Every time, without exception, when I would post news of having climbed a new route on social media, I would get a reminder email from Andy immediately afterwards to make sure I sent him a description for the SMC journal and the guidebooks. Incidentally, the new Outer Hebrides guidebook is just recently published and we sell it in our shop. So I have come over years to associate climbing new routes in Scotland with Andy, and my first thought on completing this one was that it would my first new route with no contact from Andy. Andy was also known for his white knuckle driving around the highlands and I was told by someone else that he never had less than 12 points on his license (apologies Andy if I am perpetuating a myth here!). So I named the route after an appropriate sounding pipe tune by Fred Morrison called The Hard Drive.
The third route I’d looked at with Calum was the smooth wall of immaculate rough gneiss just to the right. On my trip with Calum, I couldn’t see a way to make the line work and gave up. But out of curiosity I swung the rope across and had another look. Perhaps the ‘no pressure’ play on it helped, but next thing I found a way to make a desperately thin traverse right just after the crux of The Hard Drive to reach the line. I devised several different sequences for the upper crux which were all desperate and I could only link one section if it was less than 10 degrees with a good wind. As soon as the wind dropped, I just couldn’t hold on to the ‘holds’.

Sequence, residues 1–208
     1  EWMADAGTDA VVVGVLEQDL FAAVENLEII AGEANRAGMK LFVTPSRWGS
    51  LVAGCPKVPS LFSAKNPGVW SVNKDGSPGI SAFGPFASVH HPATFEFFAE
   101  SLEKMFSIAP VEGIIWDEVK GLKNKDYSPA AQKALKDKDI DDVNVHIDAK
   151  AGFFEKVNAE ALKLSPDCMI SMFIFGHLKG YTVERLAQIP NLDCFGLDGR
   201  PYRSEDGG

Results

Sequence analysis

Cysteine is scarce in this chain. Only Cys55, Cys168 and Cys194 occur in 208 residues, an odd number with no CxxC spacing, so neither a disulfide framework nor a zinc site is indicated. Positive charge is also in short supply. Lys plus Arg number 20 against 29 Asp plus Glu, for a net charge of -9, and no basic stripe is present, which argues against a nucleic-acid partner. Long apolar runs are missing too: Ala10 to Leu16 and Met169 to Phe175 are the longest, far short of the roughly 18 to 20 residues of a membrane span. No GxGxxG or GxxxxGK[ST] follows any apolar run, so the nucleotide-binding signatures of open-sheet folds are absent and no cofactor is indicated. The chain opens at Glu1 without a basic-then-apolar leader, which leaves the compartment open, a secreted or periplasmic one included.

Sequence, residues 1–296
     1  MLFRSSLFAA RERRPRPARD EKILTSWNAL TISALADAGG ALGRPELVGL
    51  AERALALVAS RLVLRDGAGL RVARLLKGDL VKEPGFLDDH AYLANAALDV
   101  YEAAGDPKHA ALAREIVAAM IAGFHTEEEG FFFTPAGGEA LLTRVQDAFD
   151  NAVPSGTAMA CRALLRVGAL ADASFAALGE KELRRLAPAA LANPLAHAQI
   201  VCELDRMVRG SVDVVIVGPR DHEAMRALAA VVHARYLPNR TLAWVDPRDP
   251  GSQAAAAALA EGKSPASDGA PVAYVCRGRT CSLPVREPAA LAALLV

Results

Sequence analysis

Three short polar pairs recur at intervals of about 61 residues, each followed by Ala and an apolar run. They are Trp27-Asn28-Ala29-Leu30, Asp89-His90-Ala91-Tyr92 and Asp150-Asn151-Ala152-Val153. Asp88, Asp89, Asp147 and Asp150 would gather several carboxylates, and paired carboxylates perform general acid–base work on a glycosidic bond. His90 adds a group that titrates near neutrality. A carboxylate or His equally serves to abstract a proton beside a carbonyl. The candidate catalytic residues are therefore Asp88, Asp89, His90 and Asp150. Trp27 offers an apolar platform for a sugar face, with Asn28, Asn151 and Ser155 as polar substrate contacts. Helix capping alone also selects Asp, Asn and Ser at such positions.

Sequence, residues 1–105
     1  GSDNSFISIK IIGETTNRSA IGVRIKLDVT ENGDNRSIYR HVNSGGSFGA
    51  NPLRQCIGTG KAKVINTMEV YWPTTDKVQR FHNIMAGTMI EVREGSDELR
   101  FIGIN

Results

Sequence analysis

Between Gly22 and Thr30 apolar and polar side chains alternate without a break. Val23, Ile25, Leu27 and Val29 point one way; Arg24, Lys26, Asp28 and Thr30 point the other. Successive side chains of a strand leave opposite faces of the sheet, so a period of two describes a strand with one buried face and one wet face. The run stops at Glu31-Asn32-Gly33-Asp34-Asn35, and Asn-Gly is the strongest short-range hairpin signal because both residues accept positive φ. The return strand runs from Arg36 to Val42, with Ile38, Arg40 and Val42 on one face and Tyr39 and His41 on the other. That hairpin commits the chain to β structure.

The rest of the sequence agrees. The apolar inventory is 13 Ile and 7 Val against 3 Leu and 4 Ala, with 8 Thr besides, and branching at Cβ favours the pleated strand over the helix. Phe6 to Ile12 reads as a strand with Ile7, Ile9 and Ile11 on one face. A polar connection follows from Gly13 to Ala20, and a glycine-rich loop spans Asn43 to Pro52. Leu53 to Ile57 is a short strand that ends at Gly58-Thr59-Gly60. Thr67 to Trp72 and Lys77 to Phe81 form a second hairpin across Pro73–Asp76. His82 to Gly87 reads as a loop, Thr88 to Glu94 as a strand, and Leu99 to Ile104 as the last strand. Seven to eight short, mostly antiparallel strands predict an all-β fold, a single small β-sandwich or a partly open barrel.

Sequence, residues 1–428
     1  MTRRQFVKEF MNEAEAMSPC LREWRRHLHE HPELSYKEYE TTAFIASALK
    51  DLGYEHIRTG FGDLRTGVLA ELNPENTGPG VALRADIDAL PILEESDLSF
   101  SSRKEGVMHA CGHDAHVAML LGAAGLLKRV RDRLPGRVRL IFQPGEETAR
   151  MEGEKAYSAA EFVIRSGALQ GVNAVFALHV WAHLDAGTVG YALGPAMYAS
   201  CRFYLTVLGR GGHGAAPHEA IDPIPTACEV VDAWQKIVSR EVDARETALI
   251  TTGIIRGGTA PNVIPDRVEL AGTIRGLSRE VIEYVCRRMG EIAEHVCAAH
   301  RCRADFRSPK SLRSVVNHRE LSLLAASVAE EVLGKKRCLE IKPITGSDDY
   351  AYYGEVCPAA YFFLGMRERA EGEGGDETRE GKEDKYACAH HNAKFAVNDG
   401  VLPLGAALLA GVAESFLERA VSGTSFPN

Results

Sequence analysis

Visiting Japanese climber Keita Kurakami, after climbing his new line Mega Kagikakko E7 6c, 6b, 5b, had a play as well and he found an improvement on my method that further sealed the deal for me to return to the island immediately. We both agreed that the line was kind of similar to and perhaps a bit harder overall than The Walk of Life E9 6c, a route we have both repeated.